Published 6:15 PM EDT Sep 14, 2020
Hurricane Sally is quickly approaching the Gulf Coast. The West is still on fire. And yes, we’re still very much in a pandemic.
It’s Alex, let’s escape to Venus?
But first, it’s Steve Martin! Maybe? The 75-year-old star, concerned about his fans not being able to recognize him in a mask, came up with a helpful hack: He scrawled “Steve Martin” in red marker across an obviously-homemade cardboard sign. In case you were still confused, he also included an arrow pointing directly to his face.
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3 weeks. 2 hurricanes.
Less than three weeks after Hurricane Laura devastated Louisiana, Sally is barreling toward the Gulf Coast – potentially making landfall as a Category 2. “I know for a lot of people, this storm seemed to come out of nowhere,” Louisiana Gov. John Bel Edwards said. “We need everybody to pay attention to this storm. Let’s take this one seriously.” As it lurches over the Gulf Coast, Hurricane Sally could bring 8 to 16 inches of rain, and some areas could see up to 24 inches.
Tens of thousands were displaced from their homes after Laura. More than 82,000 people remain without power in Lake Charles and southwestern Louisiana. More than 210,000 households don’t have clean drinking water. Sally is the seventh hurricane of the 2020 Atlantic hurricane season.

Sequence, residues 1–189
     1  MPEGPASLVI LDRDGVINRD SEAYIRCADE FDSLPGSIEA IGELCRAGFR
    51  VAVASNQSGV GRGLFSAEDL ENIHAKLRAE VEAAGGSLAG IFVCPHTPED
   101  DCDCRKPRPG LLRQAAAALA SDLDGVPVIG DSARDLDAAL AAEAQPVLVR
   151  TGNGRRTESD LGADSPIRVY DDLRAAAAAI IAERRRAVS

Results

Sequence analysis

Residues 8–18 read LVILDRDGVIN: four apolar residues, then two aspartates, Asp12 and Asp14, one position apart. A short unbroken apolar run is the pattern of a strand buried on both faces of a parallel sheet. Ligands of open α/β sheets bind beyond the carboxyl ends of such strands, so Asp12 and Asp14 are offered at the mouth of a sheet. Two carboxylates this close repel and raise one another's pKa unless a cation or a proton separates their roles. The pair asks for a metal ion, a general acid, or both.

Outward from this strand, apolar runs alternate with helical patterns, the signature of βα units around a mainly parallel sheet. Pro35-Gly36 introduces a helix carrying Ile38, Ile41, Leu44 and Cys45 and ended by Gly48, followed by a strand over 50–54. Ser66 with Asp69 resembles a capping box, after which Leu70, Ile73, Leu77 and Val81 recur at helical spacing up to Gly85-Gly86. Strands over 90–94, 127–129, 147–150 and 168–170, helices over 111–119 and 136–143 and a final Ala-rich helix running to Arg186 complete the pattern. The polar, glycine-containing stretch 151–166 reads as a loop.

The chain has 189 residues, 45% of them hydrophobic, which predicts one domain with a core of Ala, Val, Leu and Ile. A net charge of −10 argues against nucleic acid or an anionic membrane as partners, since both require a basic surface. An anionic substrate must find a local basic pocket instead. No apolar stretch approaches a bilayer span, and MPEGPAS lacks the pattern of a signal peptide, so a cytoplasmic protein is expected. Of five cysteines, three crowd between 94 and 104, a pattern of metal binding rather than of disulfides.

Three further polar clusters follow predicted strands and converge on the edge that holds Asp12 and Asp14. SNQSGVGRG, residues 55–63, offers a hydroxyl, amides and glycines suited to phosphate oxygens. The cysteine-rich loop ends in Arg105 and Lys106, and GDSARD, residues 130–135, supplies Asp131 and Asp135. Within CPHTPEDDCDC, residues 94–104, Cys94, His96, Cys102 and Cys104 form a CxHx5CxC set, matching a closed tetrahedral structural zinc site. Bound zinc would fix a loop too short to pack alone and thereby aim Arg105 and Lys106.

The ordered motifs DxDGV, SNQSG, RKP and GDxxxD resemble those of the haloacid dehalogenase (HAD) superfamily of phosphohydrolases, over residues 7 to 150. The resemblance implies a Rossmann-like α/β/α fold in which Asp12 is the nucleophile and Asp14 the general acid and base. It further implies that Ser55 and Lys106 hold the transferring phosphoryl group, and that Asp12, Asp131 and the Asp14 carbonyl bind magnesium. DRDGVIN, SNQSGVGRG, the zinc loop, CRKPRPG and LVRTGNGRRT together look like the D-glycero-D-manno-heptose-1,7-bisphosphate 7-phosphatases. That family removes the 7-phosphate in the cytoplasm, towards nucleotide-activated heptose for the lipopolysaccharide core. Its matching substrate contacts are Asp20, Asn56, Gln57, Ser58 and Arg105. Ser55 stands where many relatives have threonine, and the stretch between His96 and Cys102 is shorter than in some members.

Jerry Harris from ‘Cheer’ under FBI investigation for allegedly soliciting nude photos, sex from minors
The FBI is investigating allegations that celebrity cheerleader Jerry Harris solicited sexually explicit photos and sex from minors, multiple sources told USA TODAY. Agents executed a search warrant Monday afternoon at a home in Naperville, Illinois, as part of that investigation. Harris, who gained national prominence when he was featured in Netflix’s recent “Cheer” docuseries, has not been criminally charged. The 21-year-old could not be immediately reached for comment. The criminal investigation is based on allegations that were reported separately to police by Varsity, a private company that dominates the cheerleading industry and handles everything from uniform sales to major competitions.
What everyone’s talking about
- Scientists are outraged by White House appointees’ meddling with coronavirus information: “Outright egregious.”
- A sheriff’s deputy in Georgia has been fired after being captured on video repeatedly punching a Black man during a traffic stop, authorities said.
- A class with 100 students? COVID-19 plans are overwhelming some teachers with huge virtual classes.
- A new proposal submitted by tech company ByteDance would feature software giant Oracle as a “trusted technology partner.”
- Authorities are still searching for a gunman who shot two Los Angeles County deputies, and a $100,000 reward is being offered for information leading to an arrest.
50 days until the election